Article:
Officials and heads of state from 46 countries and 11 UN organisations took part in a historic summit yesterday (13th February 2014) and signed the London Declaration each committing to stop wildlife poaching. All governments agreed the illegal wildlife trade, which is estimated at $US19b per year, must be treated as a serious crime.
The London Declaration also identified investigating links to corruption and organised crime be made a priority and that countries improve cross border cooperation and strengthen laws and policing.
The main focus of the Declaration was on ivory from elephants and rhino but future action will also include the trade in other illegal wildlife animals like snow leopards. Addressing cross border co-operation will have a huge impact on snow leopard trade as identified in the Global Snow Leopard Forum in Bishkek, Kyrgyzstan in October 2013.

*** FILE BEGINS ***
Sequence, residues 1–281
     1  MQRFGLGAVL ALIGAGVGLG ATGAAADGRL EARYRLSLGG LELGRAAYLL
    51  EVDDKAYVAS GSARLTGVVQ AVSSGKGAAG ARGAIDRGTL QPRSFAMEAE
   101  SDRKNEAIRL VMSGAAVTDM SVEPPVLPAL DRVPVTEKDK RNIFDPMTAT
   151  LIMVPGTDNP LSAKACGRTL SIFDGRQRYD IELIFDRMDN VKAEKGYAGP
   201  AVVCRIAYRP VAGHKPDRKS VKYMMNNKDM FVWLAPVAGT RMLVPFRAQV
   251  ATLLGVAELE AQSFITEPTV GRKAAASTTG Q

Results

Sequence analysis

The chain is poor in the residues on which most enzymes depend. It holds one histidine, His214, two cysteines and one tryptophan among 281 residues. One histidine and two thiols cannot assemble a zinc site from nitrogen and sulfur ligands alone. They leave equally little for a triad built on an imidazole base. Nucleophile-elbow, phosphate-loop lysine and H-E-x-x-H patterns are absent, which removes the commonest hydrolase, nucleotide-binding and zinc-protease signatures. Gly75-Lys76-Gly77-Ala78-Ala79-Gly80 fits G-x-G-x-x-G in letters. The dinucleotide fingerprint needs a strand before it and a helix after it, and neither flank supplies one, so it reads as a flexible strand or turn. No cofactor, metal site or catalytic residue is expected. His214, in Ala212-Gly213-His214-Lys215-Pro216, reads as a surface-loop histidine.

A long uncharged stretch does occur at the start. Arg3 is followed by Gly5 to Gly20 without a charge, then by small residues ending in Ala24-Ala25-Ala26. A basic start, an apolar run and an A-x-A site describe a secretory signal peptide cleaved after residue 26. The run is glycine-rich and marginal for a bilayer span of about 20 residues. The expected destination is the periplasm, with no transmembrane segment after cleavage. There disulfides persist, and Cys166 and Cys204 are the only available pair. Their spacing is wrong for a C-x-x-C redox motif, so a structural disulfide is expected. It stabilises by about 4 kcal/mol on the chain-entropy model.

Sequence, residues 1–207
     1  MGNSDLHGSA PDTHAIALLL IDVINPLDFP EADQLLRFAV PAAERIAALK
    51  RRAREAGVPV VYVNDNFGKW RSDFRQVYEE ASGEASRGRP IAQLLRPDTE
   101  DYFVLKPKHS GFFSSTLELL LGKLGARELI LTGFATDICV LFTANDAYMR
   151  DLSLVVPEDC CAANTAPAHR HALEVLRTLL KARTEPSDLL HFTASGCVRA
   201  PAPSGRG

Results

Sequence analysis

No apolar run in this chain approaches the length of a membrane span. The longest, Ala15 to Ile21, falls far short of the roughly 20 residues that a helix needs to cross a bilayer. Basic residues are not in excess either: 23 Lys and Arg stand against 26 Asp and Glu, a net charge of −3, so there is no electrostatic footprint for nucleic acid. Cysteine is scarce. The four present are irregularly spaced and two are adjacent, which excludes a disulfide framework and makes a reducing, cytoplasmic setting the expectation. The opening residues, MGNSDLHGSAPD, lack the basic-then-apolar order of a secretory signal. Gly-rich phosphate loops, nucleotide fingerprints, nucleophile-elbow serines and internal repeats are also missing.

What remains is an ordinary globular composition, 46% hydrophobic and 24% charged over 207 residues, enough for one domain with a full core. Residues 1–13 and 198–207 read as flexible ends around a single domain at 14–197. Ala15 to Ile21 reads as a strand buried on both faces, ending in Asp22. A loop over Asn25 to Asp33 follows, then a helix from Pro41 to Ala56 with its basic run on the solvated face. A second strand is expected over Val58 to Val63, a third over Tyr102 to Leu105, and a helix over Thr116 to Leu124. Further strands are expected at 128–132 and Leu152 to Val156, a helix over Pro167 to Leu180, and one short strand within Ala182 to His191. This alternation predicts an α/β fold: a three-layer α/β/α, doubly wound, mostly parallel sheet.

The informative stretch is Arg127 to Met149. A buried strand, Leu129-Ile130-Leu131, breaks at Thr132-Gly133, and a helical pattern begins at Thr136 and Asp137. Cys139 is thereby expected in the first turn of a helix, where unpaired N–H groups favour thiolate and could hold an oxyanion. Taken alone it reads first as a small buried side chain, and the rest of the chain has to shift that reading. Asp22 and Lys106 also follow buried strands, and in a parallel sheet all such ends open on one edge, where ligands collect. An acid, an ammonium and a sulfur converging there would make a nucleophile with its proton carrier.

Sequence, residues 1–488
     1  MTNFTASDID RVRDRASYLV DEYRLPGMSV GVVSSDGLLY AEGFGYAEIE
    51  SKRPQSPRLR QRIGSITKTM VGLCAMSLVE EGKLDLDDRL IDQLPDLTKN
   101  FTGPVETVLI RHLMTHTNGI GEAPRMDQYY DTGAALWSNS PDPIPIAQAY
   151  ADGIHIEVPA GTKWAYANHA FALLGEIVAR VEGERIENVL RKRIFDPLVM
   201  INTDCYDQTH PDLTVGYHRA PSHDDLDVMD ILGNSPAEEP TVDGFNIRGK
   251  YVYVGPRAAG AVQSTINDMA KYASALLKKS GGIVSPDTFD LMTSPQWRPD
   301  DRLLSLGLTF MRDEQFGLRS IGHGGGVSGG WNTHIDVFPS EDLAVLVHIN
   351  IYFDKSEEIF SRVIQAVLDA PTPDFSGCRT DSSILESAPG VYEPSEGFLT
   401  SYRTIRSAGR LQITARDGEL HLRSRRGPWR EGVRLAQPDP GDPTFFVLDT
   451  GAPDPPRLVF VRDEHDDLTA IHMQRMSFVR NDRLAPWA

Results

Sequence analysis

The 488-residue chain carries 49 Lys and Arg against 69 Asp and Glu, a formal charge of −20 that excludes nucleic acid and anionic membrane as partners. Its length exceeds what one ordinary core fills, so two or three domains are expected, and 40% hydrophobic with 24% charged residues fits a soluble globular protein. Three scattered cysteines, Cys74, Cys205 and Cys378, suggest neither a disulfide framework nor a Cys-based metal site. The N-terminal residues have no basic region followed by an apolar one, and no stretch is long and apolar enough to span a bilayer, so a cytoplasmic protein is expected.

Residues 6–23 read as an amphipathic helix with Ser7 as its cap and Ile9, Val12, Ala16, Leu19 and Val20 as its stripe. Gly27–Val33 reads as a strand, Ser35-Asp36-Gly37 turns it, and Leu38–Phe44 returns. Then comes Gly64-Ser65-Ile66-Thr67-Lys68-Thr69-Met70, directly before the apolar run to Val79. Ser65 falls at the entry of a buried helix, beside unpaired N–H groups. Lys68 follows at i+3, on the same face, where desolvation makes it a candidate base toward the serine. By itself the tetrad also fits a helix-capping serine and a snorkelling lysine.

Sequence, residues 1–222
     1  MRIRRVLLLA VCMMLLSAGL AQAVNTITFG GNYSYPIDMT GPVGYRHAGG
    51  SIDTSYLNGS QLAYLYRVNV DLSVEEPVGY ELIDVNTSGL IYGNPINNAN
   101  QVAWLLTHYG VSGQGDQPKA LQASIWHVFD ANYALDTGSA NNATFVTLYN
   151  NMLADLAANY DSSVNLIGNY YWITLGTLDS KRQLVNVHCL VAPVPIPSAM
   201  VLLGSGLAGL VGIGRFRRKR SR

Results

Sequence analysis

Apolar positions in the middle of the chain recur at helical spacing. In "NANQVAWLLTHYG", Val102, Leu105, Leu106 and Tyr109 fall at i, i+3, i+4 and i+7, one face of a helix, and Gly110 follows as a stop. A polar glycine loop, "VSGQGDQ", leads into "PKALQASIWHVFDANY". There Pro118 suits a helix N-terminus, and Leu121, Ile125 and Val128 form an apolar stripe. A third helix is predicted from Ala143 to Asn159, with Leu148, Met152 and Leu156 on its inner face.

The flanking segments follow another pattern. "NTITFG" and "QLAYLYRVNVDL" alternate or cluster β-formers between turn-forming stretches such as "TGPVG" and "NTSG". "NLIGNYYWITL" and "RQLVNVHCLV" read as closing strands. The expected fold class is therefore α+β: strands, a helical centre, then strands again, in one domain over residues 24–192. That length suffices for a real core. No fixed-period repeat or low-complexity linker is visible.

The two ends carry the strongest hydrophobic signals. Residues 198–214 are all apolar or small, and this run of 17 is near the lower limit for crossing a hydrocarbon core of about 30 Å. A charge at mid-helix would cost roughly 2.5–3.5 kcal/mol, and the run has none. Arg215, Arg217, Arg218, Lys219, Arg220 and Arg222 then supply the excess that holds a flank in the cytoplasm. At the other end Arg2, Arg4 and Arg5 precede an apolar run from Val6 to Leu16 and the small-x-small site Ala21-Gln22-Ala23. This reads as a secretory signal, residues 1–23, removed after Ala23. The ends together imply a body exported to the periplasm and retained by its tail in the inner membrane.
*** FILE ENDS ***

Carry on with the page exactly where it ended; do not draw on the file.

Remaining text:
Some of the actions agreed to by the countries to help save wildlife from illegal trade-
- Treat wildlife trade as a serious crime within the UN convention against transnational organised crime
- Address problems of corruption and money laundering related to wildlife crime with legislation – a zero tolerance policy
- Strengthen legal frameworks and help law enforcement
- Better cross-agency mechanisms to deal with wildlife crime
- Endorsing governments which are destroying wildlife products
- Renounce governments which use products from species threatened with extinction
The London Declaration speech made by the British Foreign Secretary, the Rt Hon William Hague MP outlines the intentions and the plans of the countries involved.
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